By: Robert Maalouf BS, CSCS, FMSC, CPT, CF-L1
There are big controversies on this issue, but nevertheless, one of the first things people do when embarking on a journey to get fit is to start running. I definitely think running has its place in a fitness program, but I do think that most people rush into running before truly understanding how to program it into a workout.
My main problem with running is that if you haven’t done in a long time, then it’s probably too intense an activity for your body- especially your joints. That doesn’t mean you can’t physically do it, but if you haven’t ran in a few years and then you start going out for 5 mile runs, you will most likely be wreaking havoc on your joints. Running is typically rated as a medium level intensity type of activity but if you haven’t been exerting yourself physically for some time, then I would actually rate running as a high level intensity.
If you have recently started your fitness journey or are thinking about starting, consider other cardio activities such as biking, rowing, or even walking at an incline. You can definitely include running into your program, but depending on your current physical condition, it is probably best to start in small increments and slowly work your way up to longer distances. Make sure and listen to your body if you start feeling joint pain in the ankles, knees or lower back. It is important that you reduce your running frequency if you begin to feel joint pain. You need to remember that running causes a lot of impact on your body compared to rowing or biking, and this impact (despite it being light for advanced runners), can build up and lead to long term injuries.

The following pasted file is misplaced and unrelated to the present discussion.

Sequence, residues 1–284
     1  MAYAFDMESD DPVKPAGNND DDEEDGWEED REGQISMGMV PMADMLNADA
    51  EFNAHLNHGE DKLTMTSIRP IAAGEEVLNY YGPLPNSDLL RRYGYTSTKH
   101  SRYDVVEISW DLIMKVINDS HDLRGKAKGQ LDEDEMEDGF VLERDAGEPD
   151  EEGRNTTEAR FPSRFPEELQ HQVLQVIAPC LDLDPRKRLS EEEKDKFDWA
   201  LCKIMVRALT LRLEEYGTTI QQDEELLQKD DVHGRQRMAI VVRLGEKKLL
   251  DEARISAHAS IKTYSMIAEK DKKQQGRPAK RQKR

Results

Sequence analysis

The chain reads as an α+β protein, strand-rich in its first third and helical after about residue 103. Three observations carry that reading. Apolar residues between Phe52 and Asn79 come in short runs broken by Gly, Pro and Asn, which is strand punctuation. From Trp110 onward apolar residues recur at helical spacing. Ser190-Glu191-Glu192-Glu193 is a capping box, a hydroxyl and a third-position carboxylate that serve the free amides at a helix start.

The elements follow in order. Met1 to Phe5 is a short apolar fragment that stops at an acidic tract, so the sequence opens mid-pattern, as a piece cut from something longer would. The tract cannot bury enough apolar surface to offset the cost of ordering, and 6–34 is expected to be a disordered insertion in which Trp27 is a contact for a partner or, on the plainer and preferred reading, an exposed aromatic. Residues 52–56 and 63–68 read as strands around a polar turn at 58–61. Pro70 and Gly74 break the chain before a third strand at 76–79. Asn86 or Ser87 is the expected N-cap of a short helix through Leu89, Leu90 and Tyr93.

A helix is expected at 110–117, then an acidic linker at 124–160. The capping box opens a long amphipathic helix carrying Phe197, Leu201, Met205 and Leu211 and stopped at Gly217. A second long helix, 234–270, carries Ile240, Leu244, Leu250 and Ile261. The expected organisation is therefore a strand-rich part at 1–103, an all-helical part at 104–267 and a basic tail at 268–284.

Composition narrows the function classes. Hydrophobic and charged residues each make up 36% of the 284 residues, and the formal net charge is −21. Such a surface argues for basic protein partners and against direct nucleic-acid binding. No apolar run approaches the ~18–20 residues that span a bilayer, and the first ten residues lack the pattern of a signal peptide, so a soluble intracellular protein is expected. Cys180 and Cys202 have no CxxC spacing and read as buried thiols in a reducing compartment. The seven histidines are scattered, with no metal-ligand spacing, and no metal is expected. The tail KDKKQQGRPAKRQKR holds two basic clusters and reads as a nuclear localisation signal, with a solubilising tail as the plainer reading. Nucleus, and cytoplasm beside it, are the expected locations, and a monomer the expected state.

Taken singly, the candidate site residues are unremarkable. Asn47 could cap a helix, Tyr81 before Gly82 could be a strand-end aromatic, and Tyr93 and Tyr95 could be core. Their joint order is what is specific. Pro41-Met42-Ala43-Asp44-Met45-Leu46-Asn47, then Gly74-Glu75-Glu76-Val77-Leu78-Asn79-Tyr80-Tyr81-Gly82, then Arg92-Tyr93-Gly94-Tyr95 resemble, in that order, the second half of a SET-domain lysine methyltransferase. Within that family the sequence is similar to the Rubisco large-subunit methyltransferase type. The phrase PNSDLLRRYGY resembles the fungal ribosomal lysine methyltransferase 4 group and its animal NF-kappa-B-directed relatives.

I personally dislike running, but I still incorporate it into my program just to keep in good enough shape to be able to run several miles if needed – you never know when you need to run across an airport to catch a flight! 🙂 In the past I did go through a phase where I had no running or cardio in my workout, and I remember one of my coaches made us run a mile. Although I had a six pack, and lifted heavy 5 days a week I hadn’t gone running in a few years. At that point I realized how painful running can be if you’re not in shape to run.
After going through that experience, and later seeing some of my clients go through similar experiences, I came to learn to in some cases you need to get fit to run and not the other way around. Of course this will all depend on the individual, but keep in mind that if you find running difficult, there are plenty of other cardio activities that will help you improve and make running a little easier.
I hope this clears up some misconceptions about running, and shows you that there are many different ways to approach exercise. Find what works for you and share it with us!!! All this talk about running has given me an urge to run, I think I’ll head to the beach for a run, see you there!!! Feel free to comment and ask questions!!!